When you think about Mexican food, you probably expect a glass of beer or Margarita on the side. This comforting, colorful and spicy cuisine is complex and incredibly flavorful. It can be daunting to find a good bottle of wine to balance all the spicy and rich flavors.
Preparing the food is an important part of Mexican traditions and culture. Most of the dishes are based on corn, beans and hot peppers, so the choice of wine depends on the amount of heat and source of protein. A general rule is to find a varietal that is acidic, aromatic and low in tannins to brighten this delicious food, when not reaching for a glass of beer instead.
How to pair spicy food
Wine with low alcohol content will control the burning sensation of spicy food, which pairs well with sweet, fruit-forward wines. That sweetness cuts through and reduces the heat.
Dishes like savory empanadas and meat tacos do well with California Zinfandel and Australian Shiraz wines.
When tomato-based sauces are used, reach for a sparkling rosé with tart berry flavor. This will taste fantastic with the natural acidity of tomatoes, especially the slightly sweet variety, rather than a dry rosé.
How to pair with seafood
Fish tacos and stew complement white wines like French Vouvray, Spanish Albariño or New Zealand Sauvignon Blanc.
These acidic and citrus flavored white wines pair well with fresh seafood and lighten the dish.
How to pair with cheese
Dishes like chile con queso or quesadillas need red wine to balance the richness of the food. Choose earthy and fruity Tempranillo from New World for Mexican dishes with cheese.
How to pair with meat
Light-body Tempranillo or fruity Malbec from Argentina will pair well with grilled meats like carne asada and hearty burritos.
Choose an acidic Italian Chianti or Sangoviese to pair with cured meats, Mexican cheese dips and enchilada sauce. Ruby red, light-bodied and fruity Argentinian Malbec is versatile and pairs well with hard or soft cheese and cured meats.
While Malbec has soft tannins for lean meats, fattier meat will balance with red wines like Chianti.
An Old World, earthy Pinot Noir is the perfect choice for al pastor or carnitas. The bold cherry and stone fruit aroma of Pinot Noir has a hint of herbs and spices that will highlight the taste of the meat.
Delicious pozole is a popular Mexican stew with pork. It can be served with a crisp white wine like Californian Pinot Gris. The acidity and bright flavor profile of this wine makes the dish pop.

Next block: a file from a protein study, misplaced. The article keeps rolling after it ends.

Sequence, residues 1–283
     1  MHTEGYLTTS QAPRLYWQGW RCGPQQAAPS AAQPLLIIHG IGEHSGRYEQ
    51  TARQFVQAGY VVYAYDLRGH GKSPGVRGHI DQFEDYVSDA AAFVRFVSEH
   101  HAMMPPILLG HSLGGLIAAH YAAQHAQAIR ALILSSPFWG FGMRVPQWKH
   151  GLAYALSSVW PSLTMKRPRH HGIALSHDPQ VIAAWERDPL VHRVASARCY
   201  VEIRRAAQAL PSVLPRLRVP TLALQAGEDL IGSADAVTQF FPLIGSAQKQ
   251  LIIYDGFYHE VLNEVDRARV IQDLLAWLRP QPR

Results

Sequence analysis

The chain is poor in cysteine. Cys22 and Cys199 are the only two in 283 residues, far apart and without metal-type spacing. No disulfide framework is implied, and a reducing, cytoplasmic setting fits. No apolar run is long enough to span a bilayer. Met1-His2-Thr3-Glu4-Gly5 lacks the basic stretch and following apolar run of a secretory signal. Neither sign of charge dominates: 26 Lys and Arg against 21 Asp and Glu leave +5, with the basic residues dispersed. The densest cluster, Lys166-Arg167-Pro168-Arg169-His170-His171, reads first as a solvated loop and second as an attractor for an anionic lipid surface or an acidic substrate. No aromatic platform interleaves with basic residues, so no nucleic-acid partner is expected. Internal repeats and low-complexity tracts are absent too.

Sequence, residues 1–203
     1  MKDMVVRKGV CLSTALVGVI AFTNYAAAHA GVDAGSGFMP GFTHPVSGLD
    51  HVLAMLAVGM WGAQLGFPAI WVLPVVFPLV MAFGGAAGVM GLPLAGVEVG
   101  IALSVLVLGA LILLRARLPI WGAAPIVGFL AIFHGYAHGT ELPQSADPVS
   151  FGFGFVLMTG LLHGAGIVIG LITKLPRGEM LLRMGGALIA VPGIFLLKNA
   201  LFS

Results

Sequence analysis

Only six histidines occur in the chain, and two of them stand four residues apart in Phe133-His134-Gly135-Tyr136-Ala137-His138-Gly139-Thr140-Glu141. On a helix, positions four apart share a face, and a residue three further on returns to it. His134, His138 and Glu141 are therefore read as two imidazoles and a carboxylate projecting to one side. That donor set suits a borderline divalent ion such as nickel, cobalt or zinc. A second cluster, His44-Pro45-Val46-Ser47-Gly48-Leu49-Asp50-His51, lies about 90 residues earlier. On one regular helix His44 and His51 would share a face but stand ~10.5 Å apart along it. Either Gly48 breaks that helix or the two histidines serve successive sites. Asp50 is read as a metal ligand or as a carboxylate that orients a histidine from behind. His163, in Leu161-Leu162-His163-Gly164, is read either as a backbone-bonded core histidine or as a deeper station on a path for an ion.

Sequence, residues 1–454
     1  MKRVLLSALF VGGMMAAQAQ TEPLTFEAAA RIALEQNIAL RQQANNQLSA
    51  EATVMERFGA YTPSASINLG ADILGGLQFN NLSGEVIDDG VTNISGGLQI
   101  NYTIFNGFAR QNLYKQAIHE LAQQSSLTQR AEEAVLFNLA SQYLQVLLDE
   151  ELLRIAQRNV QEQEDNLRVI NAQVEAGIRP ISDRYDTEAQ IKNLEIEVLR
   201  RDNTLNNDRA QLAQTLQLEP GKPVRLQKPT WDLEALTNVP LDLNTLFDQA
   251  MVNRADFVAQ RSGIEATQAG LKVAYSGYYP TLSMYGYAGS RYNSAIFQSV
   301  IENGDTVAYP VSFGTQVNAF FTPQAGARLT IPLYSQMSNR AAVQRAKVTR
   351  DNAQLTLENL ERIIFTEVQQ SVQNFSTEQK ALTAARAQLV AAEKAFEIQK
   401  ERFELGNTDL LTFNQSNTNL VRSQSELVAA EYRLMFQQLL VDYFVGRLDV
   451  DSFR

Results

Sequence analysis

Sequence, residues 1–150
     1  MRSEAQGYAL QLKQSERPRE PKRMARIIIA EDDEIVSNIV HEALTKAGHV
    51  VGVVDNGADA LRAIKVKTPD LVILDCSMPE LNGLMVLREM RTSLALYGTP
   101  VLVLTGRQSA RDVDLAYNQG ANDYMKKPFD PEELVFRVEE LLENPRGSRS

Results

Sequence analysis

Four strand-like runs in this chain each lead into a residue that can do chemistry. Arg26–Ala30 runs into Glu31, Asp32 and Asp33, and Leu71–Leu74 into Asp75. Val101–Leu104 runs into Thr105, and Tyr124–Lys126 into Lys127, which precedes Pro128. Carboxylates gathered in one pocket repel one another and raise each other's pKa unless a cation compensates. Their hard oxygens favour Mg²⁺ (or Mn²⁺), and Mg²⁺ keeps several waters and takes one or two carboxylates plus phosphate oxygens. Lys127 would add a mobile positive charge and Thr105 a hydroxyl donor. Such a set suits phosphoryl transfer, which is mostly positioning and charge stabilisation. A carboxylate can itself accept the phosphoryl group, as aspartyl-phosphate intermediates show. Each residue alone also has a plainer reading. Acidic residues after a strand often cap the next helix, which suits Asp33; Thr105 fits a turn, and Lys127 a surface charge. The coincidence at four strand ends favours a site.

How to pair with vegan and vegetarian dishes
Vegan enchiladas with mushrooms or beans are great to serve with a New World, medium-bodied Pinot Noir. Choose this wine from cooler climates, as it is becomes silky and delicate.
If vegetables are roasted or grilled, more full-bodied and tannic red wines like French Merlot, Napa Cabernet or Californian Syrah will compliment the dish. Try to find some with a touch of sweetness, so that the powerful tannins do not overwhelm the flavors.
How to pair with Mexican condiments
Mexican cuisine is known for a variety of delightful condiments! These can be chunky or smooth, usually placed on the table as a side dish. The heat degree can vary. It is a good idea to focus on wine pairing with the dominant flavor of the sauce.
Zesty white New Zealand and Mexican Sauvignon Blanc is a great choice for guacamole, salsa and chile to mirror the acidity. Smooth and creamy guacamole will pair well with dry Riesling to cut the fattiness of avocado.
Chunky pico de gallo and green chile will also go well with crisp Albariño from Spain. Spicy red chile will be ideal with off-dry German Riesling. Try to pair hot and sweet salsa with aromatic Chenin Blanc from France that will add notes of peach and honey to your palate.
Mole is another sophisticated sauce that combines cocoa with spices, chilies and anchovies. Pair it with full-bodied, low tannin fruit-forward red wines like Californian Zinfandel or dark and black-fruit Syrah from the New World. Zinfandel will tone the richness and its notes of vanilla and blackberry will harmonize with the dish.
Vibrant Pino Grigio from Italy, also known as Pinot Gris, is a good wine to compliment the flavors of pico de gallo and other jalapeño and tomatillo dishes. The wine is sweet and has low acidity, which contrasts well with jalapeño and it will bring fruit flavors to tomato and tomatillo-based Mexican dishes. You should check our post with 5 fun facts about this wine!
Italian sparkling wine Prosecco is goes well with salty adobo. The acidity will match the sauce that is authentically made with guajillo chilies and spicy chiltomato (roasted habanero and tomato.)
Don’t be afraid to pair wines with your favorite Mexican food and experiment with soft, juicy and fruity wines!
About the Author: Alina is a recipe developer and passionate wine lover. She participated in multiple wine tastings locally and internationally, food and wine academy in France. Discover more of her recipes at Cooking Journey Blog.